Another week, another well-detailed tear down from the kids at iFixit. Blessed with an eight out of ten on the repairability index, the PlayStation Move was said to be one of the easiest devices yet to break down and reassemble, so there's a good chance that any novice DIYer with a steady hand and a Phillips screwdriver could accomplish what's shown in the link below. No huge surprises were found once the PCB's clothing was removed, but we were told that the Move controller contains a great many components that are found in today's modern smartphones: a processor, accelerometer, gyroscope, Bluetooth transmitter, vibrating motor, and even a MEMS compass. The sphere at the top can flash any color thanks to the included LEDs, and the integrated Li-ion battery can be disconnected (and thus, replaced) from the device without any soldering. Hit the source for the nitty-gritty, and hop on past the break for the highlights. Oh, and as a reminder, you can grab your own Move starting today if you call North America home.
* The Wii and PlayStation use different methods of locating their controllers. The Wii Remote has an infrared (IR) sensor built into the controller, and uses triangulation from the IR emitters on the sensor bar placed near the TV to locate itself. PlayStation Move, unlike the Wii, can locate the motion controller in 3D space. The PlayStation Eye camera visually recognizes the X/Y position as well as the relative size of the glowing sphere on the motion controller to pinpoint the controller's location.

* The Move contains many of components found in today's smartphones: a processor, accelerometer, gyroscope, Bluetooth transmitter, vibrating motor, and even a MEMS compass. It's an amazing amount of tech for the money, even though we still think it's steep to pay $50 for a controller. Compared to a $40 WiiMote, though, it's quite the bang for the buck.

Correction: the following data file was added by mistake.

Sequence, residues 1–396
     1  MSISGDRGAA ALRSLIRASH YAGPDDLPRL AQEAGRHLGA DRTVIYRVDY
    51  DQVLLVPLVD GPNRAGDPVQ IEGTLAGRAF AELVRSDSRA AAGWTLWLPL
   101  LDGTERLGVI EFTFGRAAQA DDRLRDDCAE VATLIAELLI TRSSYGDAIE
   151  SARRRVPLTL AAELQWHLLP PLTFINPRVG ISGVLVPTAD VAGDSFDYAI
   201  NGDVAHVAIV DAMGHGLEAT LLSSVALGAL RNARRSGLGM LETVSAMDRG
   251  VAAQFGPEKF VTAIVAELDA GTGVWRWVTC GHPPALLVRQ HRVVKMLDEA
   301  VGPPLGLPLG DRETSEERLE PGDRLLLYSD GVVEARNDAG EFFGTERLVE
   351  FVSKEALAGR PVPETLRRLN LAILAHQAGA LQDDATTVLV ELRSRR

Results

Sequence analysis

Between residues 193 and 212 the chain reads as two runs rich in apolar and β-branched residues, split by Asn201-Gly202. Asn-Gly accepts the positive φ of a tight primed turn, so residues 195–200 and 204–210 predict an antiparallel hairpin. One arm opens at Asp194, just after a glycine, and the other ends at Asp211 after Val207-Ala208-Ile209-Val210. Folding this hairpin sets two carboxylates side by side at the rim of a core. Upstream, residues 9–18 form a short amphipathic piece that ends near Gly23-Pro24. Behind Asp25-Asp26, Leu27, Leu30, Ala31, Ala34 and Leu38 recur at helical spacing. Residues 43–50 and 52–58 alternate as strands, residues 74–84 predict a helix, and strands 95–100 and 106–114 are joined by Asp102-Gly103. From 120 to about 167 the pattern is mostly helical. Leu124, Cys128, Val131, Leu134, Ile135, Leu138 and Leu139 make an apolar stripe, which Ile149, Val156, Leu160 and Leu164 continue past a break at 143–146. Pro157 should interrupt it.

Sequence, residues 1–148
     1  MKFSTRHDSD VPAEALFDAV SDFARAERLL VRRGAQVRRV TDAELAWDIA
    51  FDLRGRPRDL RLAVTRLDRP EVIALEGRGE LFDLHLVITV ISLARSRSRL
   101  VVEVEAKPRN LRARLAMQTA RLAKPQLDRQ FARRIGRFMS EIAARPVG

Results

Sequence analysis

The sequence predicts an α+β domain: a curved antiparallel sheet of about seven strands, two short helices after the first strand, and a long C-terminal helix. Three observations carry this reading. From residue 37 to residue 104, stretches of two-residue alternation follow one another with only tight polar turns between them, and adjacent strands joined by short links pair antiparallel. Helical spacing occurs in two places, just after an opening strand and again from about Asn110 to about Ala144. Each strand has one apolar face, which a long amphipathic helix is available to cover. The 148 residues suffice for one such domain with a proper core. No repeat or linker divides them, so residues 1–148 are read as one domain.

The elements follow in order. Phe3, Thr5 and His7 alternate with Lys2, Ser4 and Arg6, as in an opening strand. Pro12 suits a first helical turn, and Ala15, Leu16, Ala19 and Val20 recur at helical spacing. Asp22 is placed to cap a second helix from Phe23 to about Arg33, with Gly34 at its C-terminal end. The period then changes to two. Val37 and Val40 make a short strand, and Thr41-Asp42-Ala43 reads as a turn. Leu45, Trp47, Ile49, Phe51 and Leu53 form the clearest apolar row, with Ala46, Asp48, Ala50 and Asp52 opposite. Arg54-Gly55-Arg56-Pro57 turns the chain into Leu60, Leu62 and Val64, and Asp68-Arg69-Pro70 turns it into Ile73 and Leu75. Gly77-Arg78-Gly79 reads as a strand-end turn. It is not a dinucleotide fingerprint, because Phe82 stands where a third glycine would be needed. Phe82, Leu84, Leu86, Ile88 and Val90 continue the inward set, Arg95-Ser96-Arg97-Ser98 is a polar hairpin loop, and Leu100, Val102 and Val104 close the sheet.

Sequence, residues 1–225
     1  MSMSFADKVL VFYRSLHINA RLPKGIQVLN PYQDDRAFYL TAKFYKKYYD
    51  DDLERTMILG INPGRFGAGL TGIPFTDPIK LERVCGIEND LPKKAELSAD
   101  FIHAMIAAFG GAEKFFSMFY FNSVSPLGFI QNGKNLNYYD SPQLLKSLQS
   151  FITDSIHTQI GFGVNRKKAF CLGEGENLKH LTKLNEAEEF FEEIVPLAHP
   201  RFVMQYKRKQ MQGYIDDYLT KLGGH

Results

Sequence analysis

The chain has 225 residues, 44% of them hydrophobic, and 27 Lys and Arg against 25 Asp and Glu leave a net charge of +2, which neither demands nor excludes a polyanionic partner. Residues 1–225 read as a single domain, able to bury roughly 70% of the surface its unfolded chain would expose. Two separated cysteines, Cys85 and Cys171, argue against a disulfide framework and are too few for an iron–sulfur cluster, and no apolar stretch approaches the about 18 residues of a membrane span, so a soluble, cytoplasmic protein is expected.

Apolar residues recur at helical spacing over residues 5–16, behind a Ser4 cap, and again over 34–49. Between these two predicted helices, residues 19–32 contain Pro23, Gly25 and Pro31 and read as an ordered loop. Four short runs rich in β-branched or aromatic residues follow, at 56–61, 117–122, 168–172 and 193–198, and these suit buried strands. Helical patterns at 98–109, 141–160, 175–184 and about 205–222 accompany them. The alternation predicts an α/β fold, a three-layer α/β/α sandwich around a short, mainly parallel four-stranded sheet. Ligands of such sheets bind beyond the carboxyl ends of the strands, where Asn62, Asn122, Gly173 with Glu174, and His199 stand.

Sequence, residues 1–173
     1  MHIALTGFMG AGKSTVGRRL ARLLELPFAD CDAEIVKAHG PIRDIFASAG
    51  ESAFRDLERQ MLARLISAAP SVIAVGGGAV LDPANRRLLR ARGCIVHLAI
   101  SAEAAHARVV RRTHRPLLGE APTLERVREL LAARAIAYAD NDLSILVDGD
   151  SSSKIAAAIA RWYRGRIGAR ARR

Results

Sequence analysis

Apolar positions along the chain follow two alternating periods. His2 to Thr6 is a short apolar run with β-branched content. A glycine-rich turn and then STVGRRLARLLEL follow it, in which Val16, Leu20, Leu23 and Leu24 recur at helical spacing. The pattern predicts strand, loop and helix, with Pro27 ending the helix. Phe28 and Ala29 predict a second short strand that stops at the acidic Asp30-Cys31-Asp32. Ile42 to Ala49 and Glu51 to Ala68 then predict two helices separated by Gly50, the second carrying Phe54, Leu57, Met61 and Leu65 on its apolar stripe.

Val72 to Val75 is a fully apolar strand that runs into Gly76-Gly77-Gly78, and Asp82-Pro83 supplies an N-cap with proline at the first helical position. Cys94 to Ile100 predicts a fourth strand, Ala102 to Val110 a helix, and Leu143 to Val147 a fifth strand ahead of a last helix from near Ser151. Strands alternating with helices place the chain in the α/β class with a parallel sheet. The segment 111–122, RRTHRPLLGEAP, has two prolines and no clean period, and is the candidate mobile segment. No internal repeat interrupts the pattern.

* The sphere at the top of the Move lights up via LEDs inside the controller. The LEDs are capable of putting out any color, which makes it easy to differentiate between players. They can also change colors mid-game, creating another source of user feedback. The color of the orb also changes in response to its environment, ensuring optimal visibility and detection by the PlayStation Eye.

* The internal lithium-ion rechargeable battery lists a minimum capacity of 1320 mAh at 3.7 Volts. The battery gets brownie points for being able to be disconnected from the Move without any soldering. Just unplug the connector and plug the new one in.

* The vibrator motor lifts off, however it still remains connected to the motherboard. It's definitely smaller than the two vibrating motors stuffed into a Sony DualShock 3 Controller.

* The Move motherboard loses points on repairability due to the vibrator motor, LED, charge contacts, and EXT cables being soldered down.

* We were not able to identify the gyroscope manufacturer from a surface examination, but we suspect that it is the white-labeled part #Y5250H.

* As LEDs get warmer, their brightness decreases. Having a heat sink in the LED assembly not only keeps the LEDs at the optimal operating temperature, but also increases the longevity of the diodes. The clear plastic lens on the far left helps diffuse the light from the LEDs to light up the orb uniformly.

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PlayStation Move gets broken down -- so easy, an end-user could do it